This chapter is intended to discuss the unique learning needs braille
readers face as they learn to read. The braille reading teacher will
benefit from considering these needs and identifying methods and techniques
useful to address them.|
What makes a good braille reader? That question has been asked by every
teacher that has worked with children with blindness. What about the child
who has low vision now, but may lose it at anytime? What do I (the teacher)
need to look for, when do I start, and how do I proceed? These questions
have different answers depending on the student for whom the questions are
asked. So, what does the braille teacher do? The following discussion is
meant to give the reader a range of ideas and suggestions. Rules of thumb
are offered for the teacher's wise use. Observation, gut feel, intuitive
teacher magic, and other tricks of the trade should be employed minute by
minute when the actual act of "teaching" is happening. The child's
motivation, family attitude (whether braille is "a wonderful tool to open
doors" or "something that tells everyone this child is blind"), teacher's
attitude toward braille, physical and/or cognitive delays or deficits, are
just a few of the "other" attributes for consideration. Luckily good
teachers recognize that each child is unique. Consistency, encouragement,
patience, hope, confidence, optimism, and other teacher and family traits
and behaviors often make the difference between success and failure.
The following three groups represent the categories of students who will
need to learn braille:
The beginning braille reader, like all beginning readers, must acquire the
readiness skills associated with the actual reading process. An important
prerequisite that all readers must have to be efficient and read with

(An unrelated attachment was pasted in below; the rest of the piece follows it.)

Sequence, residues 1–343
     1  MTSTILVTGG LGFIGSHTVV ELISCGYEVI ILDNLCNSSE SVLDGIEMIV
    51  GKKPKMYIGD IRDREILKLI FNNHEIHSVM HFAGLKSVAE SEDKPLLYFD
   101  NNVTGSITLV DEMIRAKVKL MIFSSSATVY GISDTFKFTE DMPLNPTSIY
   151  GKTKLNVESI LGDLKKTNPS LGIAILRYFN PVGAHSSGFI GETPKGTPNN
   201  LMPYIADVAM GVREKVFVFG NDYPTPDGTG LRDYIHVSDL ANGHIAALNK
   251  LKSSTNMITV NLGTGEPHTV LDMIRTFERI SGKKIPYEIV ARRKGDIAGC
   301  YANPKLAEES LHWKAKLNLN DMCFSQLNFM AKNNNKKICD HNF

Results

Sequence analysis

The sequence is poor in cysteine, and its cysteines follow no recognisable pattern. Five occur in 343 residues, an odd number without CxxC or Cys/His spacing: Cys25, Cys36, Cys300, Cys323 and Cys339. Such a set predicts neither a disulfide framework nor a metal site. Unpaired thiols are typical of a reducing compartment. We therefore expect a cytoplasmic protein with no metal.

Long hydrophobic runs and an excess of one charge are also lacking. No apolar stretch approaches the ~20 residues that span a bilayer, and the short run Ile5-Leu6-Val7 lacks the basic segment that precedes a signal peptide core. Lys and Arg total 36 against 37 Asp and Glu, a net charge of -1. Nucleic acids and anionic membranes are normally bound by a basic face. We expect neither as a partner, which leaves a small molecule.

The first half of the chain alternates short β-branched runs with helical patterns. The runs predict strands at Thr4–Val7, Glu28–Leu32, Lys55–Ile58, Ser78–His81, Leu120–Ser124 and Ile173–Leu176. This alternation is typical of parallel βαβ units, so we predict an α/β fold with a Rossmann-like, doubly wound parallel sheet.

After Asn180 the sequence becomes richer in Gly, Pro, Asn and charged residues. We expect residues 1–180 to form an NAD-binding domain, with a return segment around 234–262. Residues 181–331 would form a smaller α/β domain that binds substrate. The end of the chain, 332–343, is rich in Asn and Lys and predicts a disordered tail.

comprehension is a rich background of concrete experiences involving many
objects, people, places, activities, and cause and effect relationships. In
addition, the child must have receptive and expressive vocabulary that
corresponds to his experiences. Each individual child must develop auditory
skills of identification, closure, sequence, memory for stories, and
discrimination. The young reader must be able to concentrate, exert self
control, and follow directions. Another important readiness factor is
motivation. Once the student has experiences and language sufficient to
read, he can begin a more structured reading program. There are many
effective teaching programs used to provide reading instruction. Each child
will have his or her own unique set of experiences.
- The beginning reader who is blind
- The reader who will use both braille and print
- The reader who has learned to read using print who now needs to read using braille
The teacher will find that the number and quality of concrete experiences
will vary from child to child. One should never assume that basic
information is correctly understood until the child can demonstrate that he
or she does understand. While both sighted and blind children require
language concepts, it is more time consuming to provide the experience
required to teach the concepts to the student without vision. It is
important to provide experiences in a natural environment. The child who
has been read to, seen braille labels, and experienced braille books is
more apt to understand.